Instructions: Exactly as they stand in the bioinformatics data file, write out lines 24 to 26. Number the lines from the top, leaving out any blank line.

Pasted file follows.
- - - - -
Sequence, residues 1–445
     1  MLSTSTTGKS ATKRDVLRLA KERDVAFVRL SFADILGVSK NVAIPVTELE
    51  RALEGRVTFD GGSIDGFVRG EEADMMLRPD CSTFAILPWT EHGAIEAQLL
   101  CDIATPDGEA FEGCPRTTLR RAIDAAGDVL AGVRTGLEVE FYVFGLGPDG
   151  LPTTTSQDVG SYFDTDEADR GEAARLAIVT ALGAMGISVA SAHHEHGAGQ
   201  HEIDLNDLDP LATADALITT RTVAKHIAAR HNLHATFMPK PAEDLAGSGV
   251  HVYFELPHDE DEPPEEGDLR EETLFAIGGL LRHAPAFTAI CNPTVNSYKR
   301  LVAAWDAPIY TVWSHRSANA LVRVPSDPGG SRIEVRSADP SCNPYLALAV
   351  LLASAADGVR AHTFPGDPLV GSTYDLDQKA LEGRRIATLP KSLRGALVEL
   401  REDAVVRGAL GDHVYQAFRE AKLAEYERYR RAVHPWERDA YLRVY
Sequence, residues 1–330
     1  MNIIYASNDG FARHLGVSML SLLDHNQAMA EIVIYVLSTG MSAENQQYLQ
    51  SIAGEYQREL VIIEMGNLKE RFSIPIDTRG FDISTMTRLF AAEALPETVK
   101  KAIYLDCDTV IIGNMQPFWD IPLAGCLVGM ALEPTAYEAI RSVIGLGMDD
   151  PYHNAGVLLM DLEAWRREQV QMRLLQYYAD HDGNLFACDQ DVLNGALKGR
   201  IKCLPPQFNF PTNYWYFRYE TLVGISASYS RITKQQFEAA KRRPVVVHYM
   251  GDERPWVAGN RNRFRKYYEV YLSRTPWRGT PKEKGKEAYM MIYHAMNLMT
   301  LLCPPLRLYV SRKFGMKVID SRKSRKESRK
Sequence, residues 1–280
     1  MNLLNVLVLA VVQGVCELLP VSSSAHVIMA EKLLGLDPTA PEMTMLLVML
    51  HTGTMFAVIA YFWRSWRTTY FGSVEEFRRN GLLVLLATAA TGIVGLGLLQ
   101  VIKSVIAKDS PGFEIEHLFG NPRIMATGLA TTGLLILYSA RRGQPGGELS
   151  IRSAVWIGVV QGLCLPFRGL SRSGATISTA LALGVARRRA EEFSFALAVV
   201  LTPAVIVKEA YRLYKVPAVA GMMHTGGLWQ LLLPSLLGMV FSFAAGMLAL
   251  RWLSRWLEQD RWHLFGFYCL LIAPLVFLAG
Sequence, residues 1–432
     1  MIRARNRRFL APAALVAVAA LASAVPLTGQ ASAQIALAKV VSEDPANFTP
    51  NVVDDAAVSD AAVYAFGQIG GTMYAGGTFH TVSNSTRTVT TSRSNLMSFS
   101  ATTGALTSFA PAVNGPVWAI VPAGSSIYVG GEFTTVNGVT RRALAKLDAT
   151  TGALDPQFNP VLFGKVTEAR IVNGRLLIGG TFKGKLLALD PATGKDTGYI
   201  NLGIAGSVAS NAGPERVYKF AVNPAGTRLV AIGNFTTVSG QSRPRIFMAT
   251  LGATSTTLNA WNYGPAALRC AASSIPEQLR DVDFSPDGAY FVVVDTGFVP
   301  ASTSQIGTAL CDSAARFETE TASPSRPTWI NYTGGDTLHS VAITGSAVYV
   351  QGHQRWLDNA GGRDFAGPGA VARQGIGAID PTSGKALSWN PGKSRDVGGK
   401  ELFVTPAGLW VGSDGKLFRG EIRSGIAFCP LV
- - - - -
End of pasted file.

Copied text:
   201  LTPAVIVKEA YRLYKVPAVA GMMHTGGLWQ LLLPSLLGMV FSFAAGMLAL
   251  RWLSRWLEQD RWHLFGFYCL LIAPLVFLAG
Sequence, residues 1–432